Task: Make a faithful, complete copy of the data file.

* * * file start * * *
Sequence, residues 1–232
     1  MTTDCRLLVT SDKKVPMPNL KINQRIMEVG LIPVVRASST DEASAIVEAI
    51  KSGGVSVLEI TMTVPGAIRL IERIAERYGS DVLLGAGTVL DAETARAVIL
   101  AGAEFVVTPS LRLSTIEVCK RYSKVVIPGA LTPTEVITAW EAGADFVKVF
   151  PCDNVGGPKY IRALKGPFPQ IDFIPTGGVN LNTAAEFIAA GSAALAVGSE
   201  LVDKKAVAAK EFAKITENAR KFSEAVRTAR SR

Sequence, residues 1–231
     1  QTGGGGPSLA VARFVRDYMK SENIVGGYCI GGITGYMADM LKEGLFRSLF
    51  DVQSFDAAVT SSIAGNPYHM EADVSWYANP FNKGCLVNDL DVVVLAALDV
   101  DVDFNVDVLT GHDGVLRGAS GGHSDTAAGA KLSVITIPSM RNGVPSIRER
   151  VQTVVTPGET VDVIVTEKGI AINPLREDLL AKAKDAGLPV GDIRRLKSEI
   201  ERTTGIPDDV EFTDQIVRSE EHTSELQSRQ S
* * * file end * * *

Sequence, residues 1–232
     1  MTTDCRLLVT SDKKVPMPNL KINQRIMEVG LIPVVRASST DEASAIVEAI
    51  KSGGVSVLEI TMTVPGAIRL IERIAERYGS DVLLGAGTVL DAETARAVIL
   101  AGAEFVVTPS LRLSTIEVCK RYSKVVIPGA LTPTEVITAW EAGADFVKVF
   151  PCDNVGGPKY IRALKGPFPQ IDFIPTGGVN LNTAAEFIAA GSAALAVGSE
   201  LVDKKAVAAK EFAKITENAR KFSEAVRTAR SR

Sequence, residues 1–231
     1  QTGGGGPSLA VARFVRDYMK SENIVGGYCI GGITGYMADM LKEGLFRSLF
    51  DVQSFDAAVT SSIAGNPYHM EADVSWYANP FNKGCLVNDL DVVVLAALDV
   101  DVDFNVDVLT GHDGVLRGAS GGHSDTAAGA KLSVITIPSM RNGVPSIRER
   151  VQTVVTPGET VDVIVTEKGI AINPLREDLL AKAKDAGLPV GDIRRLKSEI
   201  ERTTGIPDDV EFTDQIVRSE EHTSELQSRQ S